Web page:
Very simply, a merit system is a method of personnel management designed to promote the efficiency and economy of the workforce and the good of the public by providing for the selection and retention of employees, in-service promotional opportunities, and other related matters, on the basis of merit and fitness.
Who Started it?
"In a moment of decision, the best thing you can do is the right thing to do, the next best thing is the wrong thing, and the worst thing you can do is nothing." - Theodore Roosevelt
Prior to the adaptation of a merit system, a “spoils system” was widely used in local, state and federal government to fill public offices. This flawed system peaked its popularity in 1841 where thousands of unqualified people were employed into government positions based on their connections. Shortly after the Civil War came the realization that qualified workers needed to be hired to keep up with the growth of the government. Efforts of reformers to set regulations to public service office appointments were authorized in 1871 but failed after a couple of years. The merit system reemerged in 1883 as a result of a public demand for civil service and the great efforts of
President Theodore Roosevelt. The Civil Service Act of 1883 also known as The Pendleton Act deemed it unlawful to practice patronage appointments of government positions.
In the following years, state and local civil service systems flourished, but it was not until 1936 that the first merit system law for school districts was established. California became the leader in the national movement toward merit systems in school systems where, as a result of a disgraceful patronage system in one of our larger school districts, more than 700 employees were fired on the day after an election to make room for political "spoilsmen."
Who Uses It?
There are more than 100 merit system school and college districts in California which employ almost 60 percent of the total classified (non-certificated) school employees in the state. A merit system may be voted into a district by local Board of Trustees action, by a majority vote of the district's classified employees, or by a majority vote of the voting electors of the school or college district. The merit system was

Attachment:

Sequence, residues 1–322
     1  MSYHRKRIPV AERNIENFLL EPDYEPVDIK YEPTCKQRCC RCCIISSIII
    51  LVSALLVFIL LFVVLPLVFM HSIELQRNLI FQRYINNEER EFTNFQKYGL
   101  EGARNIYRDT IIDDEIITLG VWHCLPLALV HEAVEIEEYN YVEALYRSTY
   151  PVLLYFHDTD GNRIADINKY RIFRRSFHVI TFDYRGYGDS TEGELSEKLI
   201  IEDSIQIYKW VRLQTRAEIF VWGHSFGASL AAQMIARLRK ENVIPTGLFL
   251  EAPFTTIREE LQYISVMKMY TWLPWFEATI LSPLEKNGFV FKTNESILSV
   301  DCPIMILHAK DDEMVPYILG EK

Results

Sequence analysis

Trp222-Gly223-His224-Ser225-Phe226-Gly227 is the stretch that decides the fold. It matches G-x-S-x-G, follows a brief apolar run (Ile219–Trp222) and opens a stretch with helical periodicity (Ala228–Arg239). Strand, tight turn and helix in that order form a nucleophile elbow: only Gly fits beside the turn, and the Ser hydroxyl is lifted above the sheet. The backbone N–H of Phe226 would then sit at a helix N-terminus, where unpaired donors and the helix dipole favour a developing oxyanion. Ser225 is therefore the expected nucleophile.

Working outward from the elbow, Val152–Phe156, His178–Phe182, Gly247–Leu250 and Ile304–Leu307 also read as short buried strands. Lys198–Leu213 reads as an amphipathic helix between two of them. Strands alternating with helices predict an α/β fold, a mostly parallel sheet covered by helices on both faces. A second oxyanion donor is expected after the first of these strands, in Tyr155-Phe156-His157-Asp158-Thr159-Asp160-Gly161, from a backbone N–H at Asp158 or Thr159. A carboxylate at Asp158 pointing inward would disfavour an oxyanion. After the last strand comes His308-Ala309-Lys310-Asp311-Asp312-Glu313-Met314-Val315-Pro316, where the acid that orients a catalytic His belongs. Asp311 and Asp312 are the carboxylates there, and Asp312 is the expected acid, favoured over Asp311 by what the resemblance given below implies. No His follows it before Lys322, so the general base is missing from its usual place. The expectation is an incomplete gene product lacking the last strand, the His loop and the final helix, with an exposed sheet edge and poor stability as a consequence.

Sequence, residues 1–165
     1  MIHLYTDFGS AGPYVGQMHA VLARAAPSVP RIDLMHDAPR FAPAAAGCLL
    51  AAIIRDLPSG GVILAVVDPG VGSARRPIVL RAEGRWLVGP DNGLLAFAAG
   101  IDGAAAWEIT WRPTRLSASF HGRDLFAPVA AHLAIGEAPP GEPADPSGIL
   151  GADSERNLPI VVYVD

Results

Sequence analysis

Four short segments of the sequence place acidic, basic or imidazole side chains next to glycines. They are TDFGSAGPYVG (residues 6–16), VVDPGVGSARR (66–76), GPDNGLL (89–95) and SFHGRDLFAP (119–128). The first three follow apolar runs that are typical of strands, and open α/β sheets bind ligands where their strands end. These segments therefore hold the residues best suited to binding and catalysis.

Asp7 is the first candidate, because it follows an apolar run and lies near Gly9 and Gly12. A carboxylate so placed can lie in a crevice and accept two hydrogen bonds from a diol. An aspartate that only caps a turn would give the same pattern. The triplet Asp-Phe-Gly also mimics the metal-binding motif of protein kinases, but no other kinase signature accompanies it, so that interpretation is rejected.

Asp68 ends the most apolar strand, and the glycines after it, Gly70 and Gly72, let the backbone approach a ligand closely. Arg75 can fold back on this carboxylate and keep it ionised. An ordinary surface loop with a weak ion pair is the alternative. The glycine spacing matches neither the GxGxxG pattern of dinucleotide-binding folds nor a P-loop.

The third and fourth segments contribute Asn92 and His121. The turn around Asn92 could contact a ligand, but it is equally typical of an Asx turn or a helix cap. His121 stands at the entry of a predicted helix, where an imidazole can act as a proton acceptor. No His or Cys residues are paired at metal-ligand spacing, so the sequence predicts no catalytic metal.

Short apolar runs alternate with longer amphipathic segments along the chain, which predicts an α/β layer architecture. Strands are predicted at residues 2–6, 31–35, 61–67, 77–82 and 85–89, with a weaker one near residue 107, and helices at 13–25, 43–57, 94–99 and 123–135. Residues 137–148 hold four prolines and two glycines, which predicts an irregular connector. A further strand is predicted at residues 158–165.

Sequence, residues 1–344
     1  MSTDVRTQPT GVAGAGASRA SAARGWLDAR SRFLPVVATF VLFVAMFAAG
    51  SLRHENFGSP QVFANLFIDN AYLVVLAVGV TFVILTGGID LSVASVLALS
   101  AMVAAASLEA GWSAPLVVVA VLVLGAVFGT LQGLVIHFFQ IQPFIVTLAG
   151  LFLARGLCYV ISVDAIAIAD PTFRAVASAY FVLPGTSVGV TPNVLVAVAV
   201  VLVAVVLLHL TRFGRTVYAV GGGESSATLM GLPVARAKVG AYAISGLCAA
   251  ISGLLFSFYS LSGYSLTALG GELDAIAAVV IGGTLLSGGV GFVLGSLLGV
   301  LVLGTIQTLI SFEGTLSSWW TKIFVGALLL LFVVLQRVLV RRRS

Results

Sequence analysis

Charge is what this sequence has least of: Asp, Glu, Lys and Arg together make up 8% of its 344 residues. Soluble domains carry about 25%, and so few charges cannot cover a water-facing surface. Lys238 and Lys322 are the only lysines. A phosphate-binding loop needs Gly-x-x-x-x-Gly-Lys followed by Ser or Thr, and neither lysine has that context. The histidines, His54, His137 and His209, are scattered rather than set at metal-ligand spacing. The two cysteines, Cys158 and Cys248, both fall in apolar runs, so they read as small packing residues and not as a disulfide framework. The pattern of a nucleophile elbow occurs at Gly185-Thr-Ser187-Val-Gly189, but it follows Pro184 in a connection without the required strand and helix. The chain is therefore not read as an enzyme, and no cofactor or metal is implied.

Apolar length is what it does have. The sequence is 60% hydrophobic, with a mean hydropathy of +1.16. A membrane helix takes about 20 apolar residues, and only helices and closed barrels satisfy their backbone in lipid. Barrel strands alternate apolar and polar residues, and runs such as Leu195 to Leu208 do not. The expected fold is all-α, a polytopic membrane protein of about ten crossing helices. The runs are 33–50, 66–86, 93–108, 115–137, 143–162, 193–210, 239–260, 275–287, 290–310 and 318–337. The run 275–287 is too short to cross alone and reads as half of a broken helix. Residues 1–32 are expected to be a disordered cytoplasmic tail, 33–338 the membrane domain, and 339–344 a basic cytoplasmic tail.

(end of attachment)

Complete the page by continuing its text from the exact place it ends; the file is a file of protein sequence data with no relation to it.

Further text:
first adopted in Santa Monica College as part of the Santa Monica City Schools by the Board of Education on May 9, 1938.
Who Administers it?
Personnel Commission is the mainstay of the merit system. It is an independent body composed of five persons appointed for three-year staggered terms. Commissioners are lay persons who must be known adherents of the merit principle. The Personnel Commission is responsible for maintaining a merit system for classified employees of the school system and for fostering the advancement of a career service for such employees. To execute these responsibilities the State Education Code provides that the Personnel Commission shall classify positions, recommend salaries, hear appeals of disciplinary and dismissal matters and protests involving examinations, selection or appointment procedures, and prescribe rules related to a variety of personnel practices. Authority for Personnel Commission functions is provided by Sections 8860 through 88139 of the State Education Code.
Who Needs it?
With the advent of collective bargaining in the public educational field, functions performed by personnel commissions take on an added significance. The necessity of objective information and classification decisions unaltered by labor or management pressures, protection of the rights of non-represented employees and an independent body which can hear employee appeals in an impartial manner are all vital to the efficient and economic operations of a school or college district and to the benefit of the general public.